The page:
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Lowey Announces $71,137 for New York Medical College

Date: February 10, 2017
Media Contact:

Roy Loewenstein
Press Secretary
Office of Congresswoman Nita Lowey (NY-17)
2365 Rayburn House Office Building
Washington, DC 20515
T: 202-225-6506
F: 202-225-0546

Grant Will Help Protect Women’s Reproductive Health

White Plains, NY – Congresswoman Nita M. Lowey (Westchester/Rockland), the Ranking Member of the House Appropriations Committee, today announced a $71,137 National Institute on Aging (NIA) grant to New York Medical College to study DNA repair in ovarian aging.

“Now more than ever is the time to double down on our commitment to researching and solving women’s health challenges,” said Lowey. “I’m pleased that New York Medical College continues to make women’s health a priority, helping women in the Lower Hudson Valley live healthier, happier lives. Funding for NIH has nearly tripled since I joined the House Appropriations subcommittee that funds medical research, and I will continue fighting to ensure we study and cure medicine’s most complex and difficult problems.”

The NIA grant will allow New York Medical College researchers to investigate how DNA damage is the root cause of two types of ovarian aging: reproductive aging and aging caused by cancer treatments. Once the key genes are identified, this critical research will advance efforts to protect and enhance women's reproductive health using innovative pharmacological tools to repair the damaged DNA.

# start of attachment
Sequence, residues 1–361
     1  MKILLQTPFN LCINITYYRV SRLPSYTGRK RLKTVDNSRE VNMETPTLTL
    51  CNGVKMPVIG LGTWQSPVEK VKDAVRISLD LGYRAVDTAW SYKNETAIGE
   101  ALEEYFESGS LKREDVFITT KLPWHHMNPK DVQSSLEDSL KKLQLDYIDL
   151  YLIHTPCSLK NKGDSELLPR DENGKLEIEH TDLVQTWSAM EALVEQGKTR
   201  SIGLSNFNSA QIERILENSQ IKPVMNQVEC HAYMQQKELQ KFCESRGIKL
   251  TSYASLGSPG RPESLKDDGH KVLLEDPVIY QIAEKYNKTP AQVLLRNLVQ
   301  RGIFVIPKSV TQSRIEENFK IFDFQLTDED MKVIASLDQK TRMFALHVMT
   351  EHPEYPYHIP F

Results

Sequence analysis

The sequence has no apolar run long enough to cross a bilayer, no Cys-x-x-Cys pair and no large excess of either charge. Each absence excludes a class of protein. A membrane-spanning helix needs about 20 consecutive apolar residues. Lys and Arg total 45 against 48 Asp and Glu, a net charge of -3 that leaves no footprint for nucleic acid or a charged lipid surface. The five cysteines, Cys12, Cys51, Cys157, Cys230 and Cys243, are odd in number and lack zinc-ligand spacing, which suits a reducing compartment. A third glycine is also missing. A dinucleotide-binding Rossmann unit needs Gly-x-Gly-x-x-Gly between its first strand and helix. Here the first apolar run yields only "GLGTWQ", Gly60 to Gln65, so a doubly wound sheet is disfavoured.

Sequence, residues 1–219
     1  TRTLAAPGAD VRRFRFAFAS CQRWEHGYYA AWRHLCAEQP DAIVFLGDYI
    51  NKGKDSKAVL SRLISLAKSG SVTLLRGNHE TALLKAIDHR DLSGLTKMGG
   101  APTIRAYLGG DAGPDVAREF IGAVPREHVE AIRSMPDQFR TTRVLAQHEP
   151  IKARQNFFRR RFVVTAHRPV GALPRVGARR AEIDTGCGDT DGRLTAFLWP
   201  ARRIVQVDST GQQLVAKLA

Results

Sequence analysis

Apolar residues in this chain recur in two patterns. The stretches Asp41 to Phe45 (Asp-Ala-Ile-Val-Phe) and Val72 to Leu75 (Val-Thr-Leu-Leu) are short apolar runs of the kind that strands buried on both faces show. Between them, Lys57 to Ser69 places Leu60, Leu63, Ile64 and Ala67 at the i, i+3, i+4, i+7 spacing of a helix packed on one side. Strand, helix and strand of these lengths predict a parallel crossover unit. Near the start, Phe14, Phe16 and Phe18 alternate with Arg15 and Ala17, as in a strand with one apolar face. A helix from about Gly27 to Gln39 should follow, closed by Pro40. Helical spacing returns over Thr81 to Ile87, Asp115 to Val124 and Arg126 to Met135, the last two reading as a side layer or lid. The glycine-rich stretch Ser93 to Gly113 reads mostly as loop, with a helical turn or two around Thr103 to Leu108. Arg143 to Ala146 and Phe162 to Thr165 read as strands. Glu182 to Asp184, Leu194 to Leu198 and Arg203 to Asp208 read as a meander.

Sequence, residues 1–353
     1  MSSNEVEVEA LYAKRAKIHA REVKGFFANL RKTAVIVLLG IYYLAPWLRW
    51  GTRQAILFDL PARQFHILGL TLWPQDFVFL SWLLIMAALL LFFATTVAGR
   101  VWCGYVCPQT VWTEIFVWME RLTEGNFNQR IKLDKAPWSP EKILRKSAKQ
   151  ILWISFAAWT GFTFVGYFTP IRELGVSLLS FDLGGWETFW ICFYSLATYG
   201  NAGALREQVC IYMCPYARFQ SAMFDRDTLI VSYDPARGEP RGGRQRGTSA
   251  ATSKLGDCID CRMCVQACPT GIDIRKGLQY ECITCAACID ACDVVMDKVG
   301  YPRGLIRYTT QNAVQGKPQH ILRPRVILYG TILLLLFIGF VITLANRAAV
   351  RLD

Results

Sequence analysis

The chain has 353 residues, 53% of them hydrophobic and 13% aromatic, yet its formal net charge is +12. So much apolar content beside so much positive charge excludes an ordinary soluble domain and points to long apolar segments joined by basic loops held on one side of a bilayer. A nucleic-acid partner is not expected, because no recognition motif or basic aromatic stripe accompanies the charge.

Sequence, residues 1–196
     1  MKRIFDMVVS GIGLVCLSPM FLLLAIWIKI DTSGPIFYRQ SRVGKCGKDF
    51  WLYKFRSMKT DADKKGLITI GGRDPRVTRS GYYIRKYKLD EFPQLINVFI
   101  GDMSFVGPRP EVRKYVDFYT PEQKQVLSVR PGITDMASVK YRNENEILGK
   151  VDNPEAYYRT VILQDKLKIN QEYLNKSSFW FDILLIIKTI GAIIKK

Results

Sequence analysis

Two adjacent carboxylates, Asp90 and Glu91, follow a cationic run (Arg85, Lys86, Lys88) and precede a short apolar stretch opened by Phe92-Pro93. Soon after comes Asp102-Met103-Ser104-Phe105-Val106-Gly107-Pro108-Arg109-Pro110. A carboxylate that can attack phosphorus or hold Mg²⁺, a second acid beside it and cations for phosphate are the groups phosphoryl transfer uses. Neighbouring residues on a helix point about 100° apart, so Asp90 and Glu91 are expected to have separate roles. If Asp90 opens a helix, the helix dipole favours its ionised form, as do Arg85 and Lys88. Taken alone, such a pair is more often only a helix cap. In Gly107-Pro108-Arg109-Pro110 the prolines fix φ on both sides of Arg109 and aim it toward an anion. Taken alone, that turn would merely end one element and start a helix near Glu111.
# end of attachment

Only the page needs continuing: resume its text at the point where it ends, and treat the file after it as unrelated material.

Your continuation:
“This grant from the National Institute of Aging will enable us to better understand how reproductive aging occurs, specifically ovarian aging as a result of DNA damage,” said Gabriela Murphy-Goldberg, Ph.D. candidate in the School of Basic Medical Sciences at New York Medical College and the Principal Investigator for the project, under the mentorship of Kutluk Oktay, M.D., Ph.D., Departments of Obstetrics & Gynecology and Pathology.   

“Reproductive aging is a significant public health issue affecting a major segment of the female population and our lab is leading the research in this area," said Dr. Oktay. "This study will help us understand the factors which control ovarian aging and DNA repair, findings which may later be used to develop new therapies for counteracting reproductive aging."  

New York Medical College is a health sciences college whose purpose is to educate physicians, scientists, public health specialists, and other healthcare professionals, and to conduct biomedical and population-based research. Through its faculty and affiliated clinical partners, the College works to provide service to its community in an atmosphere of excellence, scholarship and professionalism.

Since 1974, the NIA has been at the forefront of the nation's research activities dedicated to understanding the nature of aging, supporting the health and well-being of older adults, and extending healthy, active years of life for more people.  NIA’s research program covers a broad range of areas, from the study of basic cellular changes that occur with age to the examination of the biomedical, social, and behavioral aspects of age-related conditions, including Alzheimer’s disease.